As part of RBS, Ulster Bank customers are part of a network that can provide local banking services in many countries outside Ireland. But when an RBS branch is not available in a particular country, Taggart can tap into IBOS and her customers benefit from a level of standardised account opening procedures and established relationships. Therefore, the experience of opening an account becomes more akin to the process that exists within the RBS group.

As the larger network banks may have differing criteria for what type of customer and level of business they are willing to take on, she says membership of a banking club ensures her customers can access full-service banking that is appropriate for their size and growth potential. “This is particularly important for companies that are just starting to trade abroad and have a business plan that might involve testing the market for 12-18 months on a modest scale. It also represents a valuable added service for us in terms of customer retention, especially for corporates who require access to the local clearing system in countries where RBS may not have a presence.”

As an IBOS member, Taggart can certify documents for her customers that are accepted by other banks and likewise Ulster Bank accepts documents certified by other IBOS members. “Having a list of authorised signatories for each bank removes the need to engage notary publics or independent accountants and therefore speeds up the account opening and customer identification process. This is one example of how we do everything we can to behave like a single entity.”

More to give

She is convinced that banking clubs will become more relevant. “A lot of work has been done in the last few years within the IBOS banks around streamlining the KYC process, for example. Now these processes are approved and implemented, the number of customers referred to us and the number of customers we refer to other IBOS members can increase.”

This trend will be further boosted by network bank retrenchment, she concludes. “It is evident that network banks are focusing more on their core markets. While bilateral agreements will continue to be reached, our preference would be to further grow the number of banks within IBOS, given that we have tried and tested procedures in place.”

Lyddon acknowledges that banking clubs have been impacted by anti-money laundering and ‘know your customer’ regulations, but adds that the workload has increased for all participants in the banking industry. “The need to do these checks in each location is one of the reasons behind network banks wanting to earn $25,000 per location. The IBOS approach has been to try to maintain a consistent process even if specific documentary requirements for each bank initially diverged. Our observation is that the requirements are starting to converge again thanks to FATF 2012 recommendations.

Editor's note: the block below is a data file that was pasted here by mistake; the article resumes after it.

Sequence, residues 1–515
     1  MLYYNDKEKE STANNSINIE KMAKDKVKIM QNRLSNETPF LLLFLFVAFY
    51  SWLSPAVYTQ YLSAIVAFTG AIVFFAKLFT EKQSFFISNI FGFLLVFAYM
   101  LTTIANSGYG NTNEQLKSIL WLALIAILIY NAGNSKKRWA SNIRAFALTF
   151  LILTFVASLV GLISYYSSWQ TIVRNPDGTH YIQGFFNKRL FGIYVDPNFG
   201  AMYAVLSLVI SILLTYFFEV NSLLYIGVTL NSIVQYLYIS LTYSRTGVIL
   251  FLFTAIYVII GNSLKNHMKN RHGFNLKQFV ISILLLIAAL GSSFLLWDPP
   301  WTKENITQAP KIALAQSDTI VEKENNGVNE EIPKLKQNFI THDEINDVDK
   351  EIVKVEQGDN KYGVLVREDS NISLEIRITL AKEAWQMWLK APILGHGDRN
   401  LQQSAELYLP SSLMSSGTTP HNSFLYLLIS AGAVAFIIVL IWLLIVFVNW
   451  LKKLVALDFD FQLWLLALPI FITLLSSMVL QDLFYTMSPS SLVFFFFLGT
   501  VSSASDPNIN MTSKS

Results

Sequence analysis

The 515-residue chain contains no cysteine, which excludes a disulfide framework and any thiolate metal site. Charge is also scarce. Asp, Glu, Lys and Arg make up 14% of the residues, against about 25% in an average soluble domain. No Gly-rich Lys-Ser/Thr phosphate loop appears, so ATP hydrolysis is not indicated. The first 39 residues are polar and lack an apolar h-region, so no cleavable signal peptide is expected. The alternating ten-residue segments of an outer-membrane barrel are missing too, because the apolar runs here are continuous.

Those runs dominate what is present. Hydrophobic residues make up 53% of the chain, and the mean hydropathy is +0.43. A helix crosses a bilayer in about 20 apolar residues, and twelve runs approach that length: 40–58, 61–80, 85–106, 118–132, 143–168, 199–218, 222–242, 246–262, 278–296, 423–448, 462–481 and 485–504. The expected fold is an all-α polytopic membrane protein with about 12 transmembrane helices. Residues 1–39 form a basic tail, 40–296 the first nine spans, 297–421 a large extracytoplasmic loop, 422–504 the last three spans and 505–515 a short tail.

“The IBOS approach is to have designated contacts at each bank, a consistent method of initiating a referral and finding out whether it is ‘go’ or ‘no go’, full visibility of what the documentary requirements will be for a particular bank and a consistent method of working through the process, backed by escalation procedures. But we cannot have just one account opening document for the whole network.”

The key question, according to Lyddon, is whether this can add value to the banks and the customers when network banks will only take very large customers into their network; many local banks have stopped doing accounts for non-residents or even residents who have foreign beneficial ownership; and many banks have been clearing out smaller customers or requiring very high monthly account opening fees.

“For a treasurer to try to set up banking remotely in a new country, the fall-back of selecting a local bank themselves in each country has declined due to the ‘foreign beneficial ownership’ issue. Then the option of using a network bank may not be there if that network bank has retrenched or if the customer falls below the threshold. So KYC is in a way an opportunity for IBOS as, within what is a network of trusted third parties, each bank can trust the authenticity of the documents sent by an IBOS partner.”

The ability to offer clients specific liquidity and cash management structures across a set of countries and regions, combined with the ability for local cash collections and remittances, drives the value of clubs, adds Richter. This enables their members to offer these services at a competitive pricing point and compete against large global network banks.

According to Lyddon, it is a commonly held misconception that banking clubs cannot offer cash pooling. “IBOS has offered a same-day value overnight cash pooling service since 2000 (in euros) that moves the entire available balance in the ‘slave’ bank and transfers it to the ‘master’ bank,” he concludes. “We have more than 200 customers using this service.”

In short, banking clubs have evolved significantly in the years post-crisis, and are arguably more relevant than ever.

Read the full Treasury Today article here.